Enquiry about object: 4702
Unusual Indian Ganga-Jumna Lota
Tanjore, South India 17th century
height: 12.4cm, diameter: 15cm
private collection, UK.
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This well-proportioned, small water vase or lota has a flattened, spherical form, sits on a flattened base, and has a narrowed neck and a wide mouth.
It is of brass but inlaid with copper to delineate six mythical long snouted makara-like creatures which appear to be chasing one another, within lotus petal borders.
We are unaware of another lota that is decorated with such creatures.
This type of metalwork whereby copper and brass are used in the one item is known as ganga-jumna metalware. ‘Ganga’ refers to the River Ganges and ‘Jumna’ to the River Jumna (also called Yamuna). The Jumna is the longest tributary river of the Ganges in northern India. It travels a length of 1,376 kilometres (855 miles) before merging with the Ganges at Triveni Sangam, Allahabad, the site for the massive Kumbha Mela festival every twelve years. It is the longest river in India that does not directly flow into the sea. The water of one has a slight yellow hue on account of he alluvial mud suspended in its waters, whilst that of the other has a reddish hue, and so in this vessel, the two rivers are represented by yellowish brass and reddish copper, with the combination in the one vessel being symbolic of their merging and mixing at Triveni Sangam.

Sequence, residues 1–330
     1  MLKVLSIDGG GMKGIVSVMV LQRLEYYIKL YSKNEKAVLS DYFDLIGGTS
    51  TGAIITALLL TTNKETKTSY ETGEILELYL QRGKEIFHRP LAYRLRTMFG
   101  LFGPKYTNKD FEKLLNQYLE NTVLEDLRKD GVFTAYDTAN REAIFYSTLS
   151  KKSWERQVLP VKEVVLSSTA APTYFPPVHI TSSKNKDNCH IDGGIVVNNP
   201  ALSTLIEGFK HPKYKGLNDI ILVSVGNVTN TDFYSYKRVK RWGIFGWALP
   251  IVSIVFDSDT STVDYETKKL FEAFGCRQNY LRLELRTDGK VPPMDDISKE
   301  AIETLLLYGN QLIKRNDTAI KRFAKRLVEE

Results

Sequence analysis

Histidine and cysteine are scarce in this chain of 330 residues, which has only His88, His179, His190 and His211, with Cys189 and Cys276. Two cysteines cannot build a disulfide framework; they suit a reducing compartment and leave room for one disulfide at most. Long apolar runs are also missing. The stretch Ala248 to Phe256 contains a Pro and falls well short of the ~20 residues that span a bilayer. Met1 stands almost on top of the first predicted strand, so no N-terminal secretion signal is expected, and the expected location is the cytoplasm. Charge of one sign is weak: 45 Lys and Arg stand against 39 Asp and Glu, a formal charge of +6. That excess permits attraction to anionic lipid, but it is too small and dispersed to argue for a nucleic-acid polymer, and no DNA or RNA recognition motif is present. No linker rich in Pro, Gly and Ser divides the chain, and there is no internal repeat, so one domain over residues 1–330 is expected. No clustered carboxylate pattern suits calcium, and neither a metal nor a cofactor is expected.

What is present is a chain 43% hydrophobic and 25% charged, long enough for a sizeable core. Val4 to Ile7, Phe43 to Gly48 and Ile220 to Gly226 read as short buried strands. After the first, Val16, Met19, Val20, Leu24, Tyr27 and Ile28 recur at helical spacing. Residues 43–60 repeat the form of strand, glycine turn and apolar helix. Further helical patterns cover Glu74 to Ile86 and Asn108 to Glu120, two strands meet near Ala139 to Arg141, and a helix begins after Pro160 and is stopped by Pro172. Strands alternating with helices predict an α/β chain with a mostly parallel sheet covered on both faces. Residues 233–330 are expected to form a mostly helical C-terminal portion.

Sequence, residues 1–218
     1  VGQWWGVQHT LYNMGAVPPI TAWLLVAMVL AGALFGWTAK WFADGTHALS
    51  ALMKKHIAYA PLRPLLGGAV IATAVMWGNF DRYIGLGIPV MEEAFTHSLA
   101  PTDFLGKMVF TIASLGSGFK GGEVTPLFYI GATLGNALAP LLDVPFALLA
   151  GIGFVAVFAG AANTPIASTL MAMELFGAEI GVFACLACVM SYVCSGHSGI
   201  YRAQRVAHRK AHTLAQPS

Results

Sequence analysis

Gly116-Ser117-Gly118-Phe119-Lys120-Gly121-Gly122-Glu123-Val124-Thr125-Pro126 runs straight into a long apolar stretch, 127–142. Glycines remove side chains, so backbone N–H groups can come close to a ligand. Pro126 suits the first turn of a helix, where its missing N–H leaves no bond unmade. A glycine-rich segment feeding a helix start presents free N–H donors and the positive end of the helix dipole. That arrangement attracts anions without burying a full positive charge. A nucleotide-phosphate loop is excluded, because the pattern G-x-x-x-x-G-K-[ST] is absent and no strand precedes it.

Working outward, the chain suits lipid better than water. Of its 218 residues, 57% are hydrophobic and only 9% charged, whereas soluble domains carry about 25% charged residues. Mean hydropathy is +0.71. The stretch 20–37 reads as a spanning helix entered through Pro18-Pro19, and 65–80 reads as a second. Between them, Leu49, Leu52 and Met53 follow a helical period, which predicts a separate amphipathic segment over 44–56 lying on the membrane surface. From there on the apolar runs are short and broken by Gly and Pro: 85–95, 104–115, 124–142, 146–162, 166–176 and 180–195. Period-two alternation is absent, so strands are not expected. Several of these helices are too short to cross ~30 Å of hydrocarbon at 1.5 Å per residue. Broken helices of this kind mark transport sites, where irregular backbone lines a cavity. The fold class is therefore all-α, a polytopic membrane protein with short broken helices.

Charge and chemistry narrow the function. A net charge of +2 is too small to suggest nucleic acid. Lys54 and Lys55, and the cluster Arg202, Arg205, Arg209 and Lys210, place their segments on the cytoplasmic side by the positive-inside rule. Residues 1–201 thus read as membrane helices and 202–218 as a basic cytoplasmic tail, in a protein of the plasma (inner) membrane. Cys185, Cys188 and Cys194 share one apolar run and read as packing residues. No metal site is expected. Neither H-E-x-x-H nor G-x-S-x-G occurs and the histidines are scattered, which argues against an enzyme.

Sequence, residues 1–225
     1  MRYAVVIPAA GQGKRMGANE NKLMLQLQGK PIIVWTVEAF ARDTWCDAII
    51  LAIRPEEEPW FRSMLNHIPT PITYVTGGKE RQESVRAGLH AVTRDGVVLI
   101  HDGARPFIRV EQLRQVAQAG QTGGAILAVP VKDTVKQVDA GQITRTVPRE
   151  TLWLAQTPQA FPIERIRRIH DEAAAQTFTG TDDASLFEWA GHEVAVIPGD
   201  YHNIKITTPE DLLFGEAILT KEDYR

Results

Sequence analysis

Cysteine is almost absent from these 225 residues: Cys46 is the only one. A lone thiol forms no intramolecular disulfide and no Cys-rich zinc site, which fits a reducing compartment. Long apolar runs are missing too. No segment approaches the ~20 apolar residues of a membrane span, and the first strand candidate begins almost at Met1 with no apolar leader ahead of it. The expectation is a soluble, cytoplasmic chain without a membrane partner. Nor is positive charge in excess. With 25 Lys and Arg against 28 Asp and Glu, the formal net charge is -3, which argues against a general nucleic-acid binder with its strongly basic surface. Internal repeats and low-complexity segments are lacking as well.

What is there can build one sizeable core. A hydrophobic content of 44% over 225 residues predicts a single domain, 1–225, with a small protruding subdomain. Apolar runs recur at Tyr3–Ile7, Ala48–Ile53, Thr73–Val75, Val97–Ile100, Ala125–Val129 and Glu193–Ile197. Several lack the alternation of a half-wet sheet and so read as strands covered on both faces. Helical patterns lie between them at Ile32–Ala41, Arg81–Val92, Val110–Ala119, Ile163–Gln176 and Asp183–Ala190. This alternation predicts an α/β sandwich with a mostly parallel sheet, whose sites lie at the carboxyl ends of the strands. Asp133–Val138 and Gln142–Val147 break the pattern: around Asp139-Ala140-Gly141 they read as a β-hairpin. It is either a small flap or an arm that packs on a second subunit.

Such a vessel was made to store lustral holy water, perhaps from the Ganges.
The vessel here has a excellent wear and patina and is in fine condition. A small copper patch has been riveted to the side to cover a small hole, and the patch and the copper rivets themselves have a great deal of wear and patina!
Zebrowski, M., Gold, Silver & Bronze from Mughal India, Alexandria Press, 1997.